I started working for a charity last year that is focussed on seeing homelessness eradicated.
Whilst I have always been aware of homelessness and have been involved with charities that work with homeless or deeply impoverished people, I have lived a life that has come nowhere near what people suffer when their choices and resources are so diminished that they have to live on the street.
I walk past someone who is sleeping on the street, see them in the news or depicted in films, hear stories about the injustices and abuse that have led people to the lowest of lows, and think that I am so far away from them that we have nothing in common.
It creates a sense of distance and separateness that means I don’t stop on the street when I see someone begging or just clearly in need, because my mind has these thoughts:
- They’re asking for money and I don’t think that’s what I should give them, or more often than not I don’t have cash anyway
- I don’t have anything alternative on me to give them, and I don’t have time to get something
- What if I did take some time to get them some food or drink but then they don’t want it? It will be embarrassing for them and me (mostly me).
- I could ask them what they would like, but what if they ask for something I don’t want to give them, like money or alcohol?
- If I do speak to them, what do I say? I don’t want them to feel patronised or talked down to.
- What if they touch me? Am I going to be OK with that? I have to be, but I know my tendency to worry about cleanliness will kick in and I would hate for them to see that.
- What if they do something socially unexpected, like shout or say weird things? How will I handle that?
All these internal questions buzz around and I have walked past them and done nothing. On to the next thing. And as I walk on and shift back into what I was doing and where I was going before I saw the person, I explain away my ‘not stopping’ with these questions: when do I ever speak to strangers on the street? If a businessman was sat on a bench, would I go over to him and ask if there is anything he needs? Or join an unsuspecting pair of girls chatting and introduce myself? No, so why is this any different?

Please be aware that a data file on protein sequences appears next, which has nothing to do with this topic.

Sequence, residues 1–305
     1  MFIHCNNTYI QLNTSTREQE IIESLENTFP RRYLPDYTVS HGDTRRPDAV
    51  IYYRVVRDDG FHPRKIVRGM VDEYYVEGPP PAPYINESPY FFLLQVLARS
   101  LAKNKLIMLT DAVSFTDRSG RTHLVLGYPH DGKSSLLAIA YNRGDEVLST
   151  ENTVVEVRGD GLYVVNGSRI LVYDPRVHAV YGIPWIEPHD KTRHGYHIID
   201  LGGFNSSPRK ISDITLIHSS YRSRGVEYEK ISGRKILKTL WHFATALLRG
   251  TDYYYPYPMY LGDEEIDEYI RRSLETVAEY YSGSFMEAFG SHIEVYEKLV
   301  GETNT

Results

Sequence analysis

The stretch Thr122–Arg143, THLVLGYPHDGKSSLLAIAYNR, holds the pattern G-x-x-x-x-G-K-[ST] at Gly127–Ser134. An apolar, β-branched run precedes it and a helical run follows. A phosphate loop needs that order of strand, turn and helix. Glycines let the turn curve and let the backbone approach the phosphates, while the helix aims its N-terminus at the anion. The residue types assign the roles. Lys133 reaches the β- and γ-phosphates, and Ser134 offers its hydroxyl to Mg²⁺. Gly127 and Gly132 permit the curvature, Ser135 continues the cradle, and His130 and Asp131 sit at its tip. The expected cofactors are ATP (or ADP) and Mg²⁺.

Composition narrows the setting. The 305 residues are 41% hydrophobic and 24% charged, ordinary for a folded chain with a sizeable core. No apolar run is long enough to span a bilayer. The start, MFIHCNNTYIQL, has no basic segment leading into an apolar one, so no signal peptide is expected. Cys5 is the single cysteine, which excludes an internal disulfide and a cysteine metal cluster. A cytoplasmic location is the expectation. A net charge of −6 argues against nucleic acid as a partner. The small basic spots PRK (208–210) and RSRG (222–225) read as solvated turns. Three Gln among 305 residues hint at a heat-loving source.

It’s different because they have asked for help. They may have spoken out and asked for money, or they have a sign in front of them asking for help. Even if they haven’t done either of these things, they have sat themselves on a busy street, where they know people will see them, in their unwashed and uncared for state. They have shown their vulnerability and shame to others. To people they know will judge them. They are asking for help.
I was a big fan of Michael Jackson when I was young and I can sing ‘Man in the mirror’ word for word. It describes what I am writing here – I’m looking at the woman in the mirror and realising that I want to make a change. I want to be a person that stops. That recognises that for all our differences, we are fundamentally the same because we are human. Our life experiences might be vastly different, but there will be things we can connect on, even if it’s just that at that moment we are currently standing under the same sky and experiencing the same weather. As we Brits know, one can always talk about the weather.
My job is forcing me to learn a lot about homelessness, its causes, its victims, its heroes, its injustices, its solutions, its despair and its hope. I am challenged on so many levels by my ignorance, my privilege, my worldview, the actions and prejudices of my ancestors (and me), the construct of my life that leaves no space for helping people outside of my social circle.
Just by educating myself and being open to understanding more about the problem of homelessness, I am exposing myself to knowledge that is causing me to want to change. I am convicted. I am inspired. I am convinced that I can approach a person on the street that is asking for help, and say ‘Hello. What do you need? Can I help?’
I’ll let you know how I get on.